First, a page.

Finally, I would strongly object to any official Catholic Church campaign supporting Romney/Ryan; if anything it would shift me more towards Obama.  Fortunately, or otherwise, I do not have a vote.

  • GFFM

    This response is the usual hysterical response of the crying and whining left. When the left has no argument, Paul, they name call and accuse candidates of killing. All is personalized and all is political. Look in the mirror to see delusional and idiotic. When lefties see their positions as losing ground they scream and thrown tantrums and demean people who disagree with them. ridiculous.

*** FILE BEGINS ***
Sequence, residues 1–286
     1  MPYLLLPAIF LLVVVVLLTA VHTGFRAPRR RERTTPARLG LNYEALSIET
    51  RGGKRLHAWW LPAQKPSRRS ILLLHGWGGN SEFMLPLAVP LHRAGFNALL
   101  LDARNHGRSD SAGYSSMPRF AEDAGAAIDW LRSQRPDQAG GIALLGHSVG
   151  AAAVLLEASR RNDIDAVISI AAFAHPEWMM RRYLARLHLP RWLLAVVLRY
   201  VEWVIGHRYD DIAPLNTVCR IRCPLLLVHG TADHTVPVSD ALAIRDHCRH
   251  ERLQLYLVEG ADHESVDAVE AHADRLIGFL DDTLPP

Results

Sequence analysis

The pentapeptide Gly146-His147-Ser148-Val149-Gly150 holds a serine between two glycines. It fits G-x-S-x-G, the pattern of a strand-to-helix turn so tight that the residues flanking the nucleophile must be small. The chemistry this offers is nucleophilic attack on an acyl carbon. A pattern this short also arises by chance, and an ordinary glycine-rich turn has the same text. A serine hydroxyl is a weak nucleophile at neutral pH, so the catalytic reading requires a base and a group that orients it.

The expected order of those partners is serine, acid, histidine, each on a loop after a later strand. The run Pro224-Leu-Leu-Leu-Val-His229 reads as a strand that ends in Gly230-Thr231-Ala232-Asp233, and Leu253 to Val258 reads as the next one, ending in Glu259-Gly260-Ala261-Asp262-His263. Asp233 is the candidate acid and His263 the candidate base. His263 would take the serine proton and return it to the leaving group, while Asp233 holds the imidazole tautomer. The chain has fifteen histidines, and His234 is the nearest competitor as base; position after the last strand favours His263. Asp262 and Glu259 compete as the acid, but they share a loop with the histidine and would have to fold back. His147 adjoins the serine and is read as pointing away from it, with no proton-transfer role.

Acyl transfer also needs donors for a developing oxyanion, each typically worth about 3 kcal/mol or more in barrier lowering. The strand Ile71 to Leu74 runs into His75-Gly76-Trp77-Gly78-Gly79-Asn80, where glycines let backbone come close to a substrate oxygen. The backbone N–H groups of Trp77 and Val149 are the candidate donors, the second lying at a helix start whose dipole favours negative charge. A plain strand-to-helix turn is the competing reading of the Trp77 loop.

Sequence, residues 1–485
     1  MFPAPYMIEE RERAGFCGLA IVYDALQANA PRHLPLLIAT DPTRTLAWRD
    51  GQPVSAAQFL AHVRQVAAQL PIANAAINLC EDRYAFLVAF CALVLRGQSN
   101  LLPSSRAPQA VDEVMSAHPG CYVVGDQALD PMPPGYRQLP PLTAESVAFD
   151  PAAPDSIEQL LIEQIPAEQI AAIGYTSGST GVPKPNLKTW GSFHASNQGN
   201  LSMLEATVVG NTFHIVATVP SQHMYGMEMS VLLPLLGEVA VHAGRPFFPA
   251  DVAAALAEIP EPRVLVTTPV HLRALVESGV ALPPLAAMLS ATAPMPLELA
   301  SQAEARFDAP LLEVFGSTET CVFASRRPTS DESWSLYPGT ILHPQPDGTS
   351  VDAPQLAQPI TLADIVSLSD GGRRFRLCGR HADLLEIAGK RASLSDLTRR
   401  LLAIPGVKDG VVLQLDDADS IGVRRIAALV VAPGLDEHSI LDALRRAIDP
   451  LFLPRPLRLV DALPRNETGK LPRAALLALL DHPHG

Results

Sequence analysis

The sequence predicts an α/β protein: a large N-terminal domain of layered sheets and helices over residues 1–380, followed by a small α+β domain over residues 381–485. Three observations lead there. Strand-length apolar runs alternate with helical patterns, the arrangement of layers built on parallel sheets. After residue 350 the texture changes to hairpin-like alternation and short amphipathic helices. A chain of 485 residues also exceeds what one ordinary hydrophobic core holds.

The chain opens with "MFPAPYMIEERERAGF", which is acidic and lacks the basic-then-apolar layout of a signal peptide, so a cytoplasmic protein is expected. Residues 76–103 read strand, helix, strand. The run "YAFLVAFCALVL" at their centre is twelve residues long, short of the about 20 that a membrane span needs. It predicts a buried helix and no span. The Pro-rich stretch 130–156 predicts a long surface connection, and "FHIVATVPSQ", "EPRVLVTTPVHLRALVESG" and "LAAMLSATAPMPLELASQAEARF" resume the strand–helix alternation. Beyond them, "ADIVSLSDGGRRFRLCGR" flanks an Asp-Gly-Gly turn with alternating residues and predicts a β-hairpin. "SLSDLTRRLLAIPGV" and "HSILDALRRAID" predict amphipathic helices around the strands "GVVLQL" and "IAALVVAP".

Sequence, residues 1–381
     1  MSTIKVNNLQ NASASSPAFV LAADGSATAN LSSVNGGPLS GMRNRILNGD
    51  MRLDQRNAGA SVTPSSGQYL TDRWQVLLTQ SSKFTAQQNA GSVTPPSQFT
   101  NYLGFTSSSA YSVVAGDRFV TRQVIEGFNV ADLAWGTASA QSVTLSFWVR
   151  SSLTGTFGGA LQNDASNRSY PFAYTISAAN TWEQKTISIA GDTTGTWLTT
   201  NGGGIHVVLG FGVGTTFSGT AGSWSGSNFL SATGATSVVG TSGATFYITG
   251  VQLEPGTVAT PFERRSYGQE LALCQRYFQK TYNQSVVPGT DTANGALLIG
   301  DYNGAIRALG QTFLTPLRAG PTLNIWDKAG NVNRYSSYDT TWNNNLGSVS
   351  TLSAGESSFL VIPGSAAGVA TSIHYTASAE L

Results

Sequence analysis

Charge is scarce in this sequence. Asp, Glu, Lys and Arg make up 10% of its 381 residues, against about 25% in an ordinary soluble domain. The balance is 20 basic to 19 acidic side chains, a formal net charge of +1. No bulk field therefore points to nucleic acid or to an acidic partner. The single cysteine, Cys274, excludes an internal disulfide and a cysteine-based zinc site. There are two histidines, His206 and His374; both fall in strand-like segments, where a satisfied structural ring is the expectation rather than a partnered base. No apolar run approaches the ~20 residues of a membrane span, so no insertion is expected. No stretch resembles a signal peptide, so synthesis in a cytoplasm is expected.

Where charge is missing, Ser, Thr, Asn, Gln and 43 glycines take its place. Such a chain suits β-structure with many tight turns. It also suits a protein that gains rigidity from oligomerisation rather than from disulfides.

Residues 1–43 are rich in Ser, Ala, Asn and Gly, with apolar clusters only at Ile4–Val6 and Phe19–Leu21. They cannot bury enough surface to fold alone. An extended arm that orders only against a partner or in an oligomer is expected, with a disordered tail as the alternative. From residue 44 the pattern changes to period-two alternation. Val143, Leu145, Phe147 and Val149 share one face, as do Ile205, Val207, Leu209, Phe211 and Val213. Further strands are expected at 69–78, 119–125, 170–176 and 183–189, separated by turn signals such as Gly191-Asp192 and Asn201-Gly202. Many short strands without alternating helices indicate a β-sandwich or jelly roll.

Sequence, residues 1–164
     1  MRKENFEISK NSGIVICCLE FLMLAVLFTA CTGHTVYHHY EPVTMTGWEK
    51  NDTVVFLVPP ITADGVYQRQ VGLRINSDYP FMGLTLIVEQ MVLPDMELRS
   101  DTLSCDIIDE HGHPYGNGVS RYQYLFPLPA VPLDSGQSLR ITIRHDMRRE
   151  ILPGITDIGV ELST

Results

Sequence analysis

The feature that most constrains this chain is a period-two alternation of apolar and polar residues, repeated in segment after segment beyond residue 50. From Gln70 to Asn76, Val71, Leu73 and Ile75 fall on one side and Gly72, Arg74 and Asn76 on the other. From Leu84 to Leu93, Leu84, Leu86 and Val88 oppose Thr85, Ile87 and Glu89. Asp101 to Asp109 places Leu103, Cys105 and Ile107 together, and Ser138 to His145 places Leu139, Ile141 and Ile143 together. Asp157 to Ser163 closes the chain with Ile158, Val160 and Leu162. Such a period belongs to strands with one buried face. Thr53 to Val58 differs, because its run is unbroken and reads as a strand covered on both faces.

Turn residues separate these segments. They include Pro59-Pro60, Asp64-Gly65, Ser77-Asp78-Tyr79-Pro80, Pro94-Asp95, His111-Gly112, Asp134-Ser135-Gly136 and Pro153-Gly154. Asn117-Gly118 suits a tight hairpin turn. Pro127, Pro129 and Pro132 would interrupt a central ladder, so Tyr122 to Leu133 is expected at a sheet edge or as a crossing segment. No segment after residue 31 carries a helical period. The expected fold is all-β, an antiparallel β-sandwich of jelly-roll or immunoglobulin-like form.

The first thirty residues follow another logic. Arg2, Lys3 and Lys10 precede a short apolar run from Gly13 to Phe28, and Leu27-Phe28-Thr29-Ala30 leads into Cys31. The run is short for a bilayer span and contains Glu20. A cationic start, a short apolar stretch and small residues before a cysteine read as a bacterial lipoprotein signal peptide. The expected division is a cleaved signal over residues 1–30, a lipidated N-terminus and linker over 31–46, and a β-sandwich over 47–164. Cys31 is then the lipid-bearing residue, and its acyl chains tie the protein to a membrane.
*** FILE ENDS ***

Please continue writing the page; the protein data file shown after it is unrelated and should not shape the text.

• Jeannine

    I have & I know John Ryan’s philosophy which clearly you do not.

  • paulsays

    Is your definition of whining being confronted with facts that don’t sit comfortably with your world view? 

    Guns are deadly weapons, and do much more damage than other weapons. I wonder how many people would be dead at the Colorado movie premier if the assailant had only had a knife?  - maybe 1 or 2 people maximum. If gun laws are meant to protect the public, then why didn’t a member of the audience shoot the madman?

    There needs to be a debate on US gun-laws, because so many people die in the US die because of them. Be it madmen like this, or children finding their father’s gun.

    Just take a look at your statistics, it is shameful that so many people should die, when regulation could be put in place – even minor restrictions could save hundreds of lifes.

    (firearm related deaths per 100,000)
    United Kingdom: 0.46
    United States: 10.27